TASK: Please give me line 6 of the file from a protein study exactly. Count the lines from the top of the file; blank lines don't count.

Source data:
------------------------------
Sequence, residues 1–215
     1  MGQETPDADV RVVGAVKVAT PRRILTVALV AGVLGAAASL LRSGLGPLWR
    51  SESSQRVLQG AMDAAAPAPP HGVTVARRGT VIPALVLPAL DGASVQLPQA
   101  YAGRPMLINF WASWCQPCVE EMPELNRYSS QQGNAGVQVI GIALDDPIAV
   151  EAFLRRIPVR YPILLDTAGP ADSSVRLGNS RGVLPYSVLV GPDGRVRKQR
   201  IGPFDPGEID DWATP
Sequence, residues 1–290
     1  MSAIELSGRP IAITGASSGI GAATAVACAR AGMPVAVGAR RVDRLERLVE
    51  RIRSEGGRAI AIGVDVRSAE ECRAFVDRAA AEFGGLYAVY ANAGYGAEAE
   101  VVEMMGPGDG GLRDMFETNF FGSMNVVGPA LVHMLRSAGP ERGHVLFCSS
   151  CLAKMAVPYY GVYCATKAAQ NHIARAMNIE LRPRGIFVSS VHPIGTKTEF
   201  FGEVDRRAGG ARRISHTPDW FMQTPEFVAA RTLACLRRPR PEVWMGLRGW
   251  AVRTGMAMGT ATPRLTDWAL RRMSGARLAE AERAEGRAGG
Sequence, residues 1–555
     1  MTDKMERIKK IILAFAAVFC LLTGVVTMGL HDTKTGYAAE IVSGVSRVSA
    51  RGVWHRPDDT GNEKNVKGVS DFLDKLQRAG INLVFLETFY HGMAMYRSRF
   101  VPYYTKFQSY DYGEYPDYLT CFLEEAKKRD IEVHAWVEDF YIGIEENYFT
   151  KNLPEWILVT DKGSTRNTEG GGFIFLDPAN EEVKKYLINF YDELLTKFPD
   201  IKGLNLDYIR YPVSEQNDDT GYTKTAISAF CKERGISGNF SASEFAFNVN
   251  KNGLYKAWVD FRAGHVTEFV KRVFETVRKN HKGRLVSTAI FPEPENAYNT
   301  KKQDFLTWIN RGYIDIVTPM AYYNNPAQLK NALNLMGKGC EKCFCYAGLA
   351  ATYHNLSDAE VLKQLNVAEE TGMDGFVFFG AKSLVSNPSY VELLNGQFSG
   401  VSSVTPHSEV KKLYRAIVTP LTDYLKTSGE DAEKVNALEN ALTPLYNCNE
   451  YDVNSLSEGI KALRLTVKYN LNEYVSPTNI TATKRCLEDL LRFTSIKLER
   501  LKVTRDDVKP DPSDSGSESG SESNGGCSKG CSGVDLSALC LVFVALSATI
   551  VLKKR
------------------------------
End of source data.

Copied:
   201  IGPFDPGEID DWATP